Among the many urban development projects taking advantage of the presence of a river or coastline, the city of Hamburg’s initiative – HafenCity (2000 – 2025) – deserves special attention. As the largest urban construction site in continental Europe, Hamburg envisions itself as the development model for European cities in the 21st century. By reusing more than a hundred hectares of port and industrial zone space, this project will increase the city-centre perimeter by almost 50%. The choice for public management of the public spaces and facilities in the HafenCity district was enabled by the sale of most of the land involved in the project. This sale generated € 2 billion in public funds and will ultimately secure approximately € 7 billion in private investment. The waterways surrounding the Elba Islands, which comprise the HafenCity, accounts for 30 hectares or more than a third of the total surface area impacted by this project.
Recognized in 2011 as the « European Green Capital, » Hamburg is working hard to meet the multiple demands of a sustainable development approach to HafenCity. In order to respond to the need to protect against the risk of flooding, all roads and building sites were elevated by 8 meters through the construction of artificial terps. Other public spaces of Hafencity, however, remain only 4 to 5 meters above water level. Thus the views from and use of the district are highly marked by the river. The Elba is not only seen as a threat, but also as a resource whose water can be harnessed to heat and cool buildings. Energy concerns are a focus of multiple initiatives in the district, including the introduction of small windmills throughout the area. The reduction of the CO2 emissions garnered through Hafencity interventions doubles the previous target that had been established for Hamburg to achieve by 2020 (- 20%).
A large floating dock that can accommodate thirty traditional boats, together with the nearby international maritime museum, serve to recall the rich history of this Hanseatic city. They are among the development initiatives that cultivate the relationship between the river and the sea. The floating dock is currently dedicated exclusively to use by barques. It will soon incorporate ferry access as well, becoming integrated into the transportation network that connects the waterways with more than ten kilometers of walking paths along the river banks, public spaces and bridges that cyclists can also make use of on site (70% of the lines that will eventually service this vast district, which includes a public transportation system with a subway).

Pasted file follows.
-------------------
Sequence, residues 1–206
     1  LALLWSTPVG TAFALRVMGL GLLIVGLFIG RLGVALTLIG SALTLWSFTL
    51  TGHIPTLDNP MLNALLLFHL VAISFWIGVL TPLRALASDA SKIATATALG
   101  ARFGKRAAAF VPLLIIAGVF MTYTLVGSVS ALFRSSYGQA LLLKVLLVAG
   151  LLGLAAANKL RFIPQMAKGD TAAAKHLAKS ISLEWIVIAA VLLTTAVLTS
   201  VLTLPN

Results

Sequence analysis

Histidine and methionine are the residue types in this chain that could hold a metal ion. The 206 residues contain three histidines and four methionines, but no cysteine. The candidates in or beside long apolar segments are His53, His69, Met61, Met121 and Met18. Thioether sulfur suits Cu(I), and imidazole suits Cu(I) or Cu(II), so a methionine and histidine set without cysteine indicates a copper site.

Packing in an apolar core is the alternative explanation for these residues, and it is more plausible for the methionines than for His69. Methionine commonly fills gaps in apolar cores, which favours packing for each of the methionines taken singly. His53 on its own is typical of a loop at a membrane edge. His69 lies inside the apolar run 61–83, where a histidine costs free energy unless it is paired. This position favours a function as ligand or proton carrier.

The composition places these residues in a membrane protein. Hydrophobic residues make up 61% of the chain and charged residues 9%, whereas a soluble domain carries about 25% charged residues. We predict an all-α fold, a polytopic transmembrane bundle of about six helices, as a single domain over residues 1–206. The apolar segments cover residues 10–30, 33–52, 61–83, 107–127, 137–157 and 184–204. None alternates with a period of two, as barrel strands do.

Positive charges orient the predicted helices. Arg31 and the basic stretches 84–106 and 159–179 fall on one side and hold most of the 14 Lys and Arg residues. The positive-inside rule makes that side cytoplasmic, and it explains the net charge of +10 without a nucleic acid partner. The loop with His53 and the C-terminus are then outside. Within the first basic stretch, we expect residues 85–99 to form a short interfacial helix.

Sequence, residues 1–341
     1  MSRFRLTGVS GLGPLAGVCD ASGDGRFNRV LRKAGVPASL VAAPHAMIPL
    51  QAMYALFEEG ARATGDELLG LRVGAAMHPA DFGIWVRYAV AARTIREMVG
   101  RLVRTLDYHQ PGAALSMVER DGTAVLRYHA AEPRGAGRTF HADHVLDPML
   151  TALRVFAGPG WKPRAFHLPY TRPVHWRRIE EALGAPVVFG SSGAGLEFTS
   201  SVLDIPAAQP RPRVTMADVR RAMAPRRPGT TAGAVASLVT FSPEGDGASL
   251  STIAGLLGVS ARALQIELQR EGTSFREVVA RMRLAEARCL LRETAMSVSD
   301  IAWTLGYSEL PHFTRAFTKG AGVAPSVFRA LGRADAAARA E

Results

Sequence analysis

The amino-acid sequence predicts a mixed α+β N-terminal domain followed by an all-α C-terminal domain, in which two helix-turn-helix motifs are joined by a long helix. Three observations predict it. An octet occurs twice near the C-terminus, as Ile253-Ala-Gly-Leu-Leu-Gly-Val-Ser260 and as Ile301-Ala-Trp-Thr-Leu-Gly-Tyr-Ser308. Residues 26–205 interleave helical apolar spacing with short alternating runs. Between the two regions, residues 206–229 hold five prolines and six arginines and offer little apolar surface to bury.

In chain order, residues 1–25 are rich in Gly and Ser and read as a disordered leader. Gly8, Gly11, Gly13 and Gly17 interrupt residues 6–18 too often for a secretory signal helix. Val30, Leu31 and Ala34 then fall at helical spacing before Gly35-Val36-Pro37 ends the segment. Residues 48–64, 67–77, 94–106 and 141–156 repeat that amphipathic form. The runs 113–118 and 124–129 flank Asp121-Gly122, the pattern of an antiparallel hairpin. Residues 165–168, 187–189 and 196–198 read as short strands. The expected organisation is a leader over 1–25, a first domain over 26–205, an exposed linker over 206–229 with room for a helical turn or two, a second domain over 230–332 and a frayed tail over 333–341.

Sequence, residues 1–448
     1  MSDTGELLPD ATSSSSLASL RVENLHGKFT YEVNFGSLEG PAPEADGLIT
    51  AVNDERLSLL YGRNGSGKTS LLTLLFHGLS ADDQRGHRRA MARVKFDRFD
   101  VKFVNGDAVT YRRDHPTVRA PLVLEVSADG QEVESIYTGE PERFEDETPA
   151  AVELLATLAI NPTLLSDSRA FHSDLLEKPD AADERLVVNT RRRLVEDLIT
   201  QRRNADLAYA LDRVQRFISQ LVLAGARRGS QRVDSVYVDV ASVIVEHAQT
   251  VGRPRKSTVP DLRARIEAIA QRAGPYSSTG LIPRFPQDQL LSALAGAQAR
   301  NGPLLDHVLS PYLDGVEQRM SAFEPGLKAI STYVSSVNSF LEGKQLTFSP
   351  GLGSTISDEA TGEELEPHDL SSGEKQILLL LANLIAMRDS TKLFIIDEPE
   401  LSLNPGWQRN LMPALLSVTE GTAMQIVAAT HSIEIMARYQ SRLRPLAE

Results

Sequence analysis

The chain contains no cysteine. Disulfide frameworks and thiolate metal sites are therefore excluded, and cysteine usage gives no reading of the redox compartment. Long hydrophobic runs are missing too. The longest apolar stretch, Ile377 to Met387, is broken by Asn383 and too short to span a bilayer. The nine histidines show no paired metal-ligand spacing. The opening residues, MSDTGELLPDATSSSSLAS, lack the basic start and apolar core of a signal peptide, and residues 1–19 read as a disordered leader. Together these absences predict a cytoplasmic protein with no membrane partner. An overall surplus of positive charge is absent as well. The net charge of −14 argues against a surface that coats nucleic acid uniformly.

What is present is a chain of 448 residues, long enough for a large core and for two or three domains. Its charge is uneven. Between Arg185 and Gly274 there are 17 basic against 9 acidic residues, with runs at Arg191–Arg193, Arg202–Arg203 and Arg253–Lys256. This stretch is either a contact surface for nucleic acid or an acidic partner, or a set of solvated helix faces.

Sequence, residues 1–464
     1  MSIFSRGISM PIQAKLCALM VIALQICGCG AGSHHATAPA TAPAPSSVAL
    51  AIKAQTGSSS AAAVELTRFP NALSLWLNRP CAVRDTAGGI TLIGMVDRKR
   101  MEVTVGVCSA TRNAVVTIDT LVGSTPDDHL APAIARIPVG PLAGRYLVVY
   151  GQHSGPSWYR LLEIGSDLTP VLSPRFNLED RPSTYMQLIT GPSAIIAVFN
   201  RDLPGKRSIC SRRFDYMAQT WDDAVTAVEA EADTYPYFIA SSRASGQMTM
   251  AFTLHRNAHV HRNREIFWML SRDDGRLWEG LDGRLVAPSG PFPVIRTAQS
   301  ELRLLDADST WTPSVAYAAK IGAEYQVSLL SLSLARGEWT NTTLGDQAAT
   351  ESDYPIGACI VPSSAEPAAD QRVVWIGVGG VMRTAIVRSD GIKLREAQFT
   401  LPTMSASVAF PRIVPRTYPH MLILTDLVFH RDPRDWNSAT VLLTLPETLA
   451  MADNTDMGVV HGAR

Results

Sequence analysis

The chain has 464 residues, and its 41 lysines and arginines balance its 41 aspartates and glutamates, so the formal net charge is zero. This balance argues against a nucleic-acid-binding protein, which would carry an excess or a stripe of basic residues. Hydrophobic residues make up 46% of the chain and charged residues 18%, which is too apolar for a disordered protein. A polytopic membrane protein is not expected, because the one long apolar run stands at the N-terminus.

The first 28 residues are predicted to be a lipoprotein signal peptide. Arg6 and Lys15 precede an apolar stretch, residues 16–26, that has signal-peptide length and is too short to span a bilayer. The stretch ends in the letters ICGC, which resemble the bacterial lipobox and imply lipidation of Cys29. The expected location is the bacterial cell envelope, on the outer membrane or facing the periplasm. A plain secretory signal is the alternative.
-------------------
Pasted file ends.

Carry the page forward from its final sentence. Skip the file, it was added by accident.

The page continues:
The imposing Elbphilarmonie, designed by Swiss architects Herzog & de Meuron, is constructed rising out of an old harbor warehouse, which the architects hollowed out to accommodate an immense parking facility. Above the warehouse-base, the building consists of concert halls perched atop a public plaza, which offers a unique view of this city of 4 million people from a height of 37 meters. With their choice the promoters of the design competition emphasized the quality of the Herzog & de Meuron concept for exploiting the use of existing built-structures. Additionally, a type of floating habitat, called “Water Houses”, has been developed that makes uses of river water as a source of energy for heating and cooling. This is a model project in the same way that « Hybrid Houses » was designed as a modular system that can be re-arranged in diverse manners that adapt to the needs of inhabitants.
History is reflected in the planning of this vast recycled area of the city that will combine homes, stores, offices, cultural centers, a university, tourist service stations, corporate headquarters and international trade facilities. Eventually, HafenCity will include a site designed to recall the fact that the now defunct Hanover Train Station participated in the deportation of thousands of Jews and Roma during World War II. This monument to the past among so much new development, is a sure sign that we are witnessing historic renewal along the banks of the Elbe.
(Translated from French by Stephen Mosblech)